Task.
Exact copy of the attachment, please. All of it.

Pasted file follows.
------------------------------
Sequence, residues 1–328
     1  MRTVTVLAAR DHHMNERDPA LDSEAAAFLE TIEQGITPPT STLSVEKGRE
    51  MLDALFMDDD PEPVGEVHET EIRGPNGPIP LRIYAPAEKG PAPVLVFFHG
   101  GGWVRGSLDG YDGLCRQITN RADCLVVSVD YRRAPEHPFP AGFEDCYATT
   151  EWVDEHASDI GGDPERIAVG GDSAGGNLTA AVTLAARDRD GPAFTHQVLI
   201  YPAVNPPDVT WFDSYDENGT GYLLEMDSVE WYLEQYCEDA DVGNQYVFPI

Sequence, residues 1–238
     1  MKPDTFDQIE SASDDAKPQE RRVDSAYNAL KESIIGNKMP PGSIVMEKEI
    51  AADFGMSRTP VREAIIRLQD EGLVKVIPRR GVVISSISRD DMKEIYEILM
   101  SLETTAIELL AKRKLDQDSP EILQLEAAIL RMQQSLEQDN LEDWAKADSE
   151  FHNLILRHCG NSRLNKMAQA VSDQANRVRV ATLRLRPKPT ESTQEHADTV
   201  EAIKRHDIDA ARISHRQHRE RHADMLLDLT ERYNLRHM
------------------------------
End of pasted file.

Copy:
Sequence, residues 1–328
     1  MRTVTVLAAR DHHMNERDPA LDSEAAAFLE TIEQGITPPT STLSVEKGRE
    51  MLDALFMDDD PEPVGEVHET EIRGPNGPIP LRIYAPAEKG PAPVLVFFHG
   101  GGWVRGSLDG YDGLCRQITN RADCLVVSVD YRRAPEHPFP AGFEDCYATT
   151  EWVDEHASDI GGDPERIAVG GDSAGGNLTA AVTLAARDRD GPAFTHQVLI
   201  YPAVNPPDVT WFDSYDENGT GYLLEMDSVE WYLEQYCEDA DVGNQYVFPI

Sequence, residues 1–238
     1  MKPDTFDQIE SASDDAKPQE RRVDSAYNAL KESIIGNKMP PGSIVMEKEI
    51  AADFGMSRTP VREAIIRLQD EGLVKVIPRR GVVISSISRD DMKEIYEILM
   101  SLETTAIELL AKRKLDQDSP EILQLEAAIL RMQQSLEQDN LEDWAKADSE
   151  FHNLILRHCG NSRLNKMAQA VSDQANRVRV ATLRLRPKPT ESTQEHADTV
   201  EAIKRHDIDA ARISHRQHRE RHADMLLDLT ERYNLRHM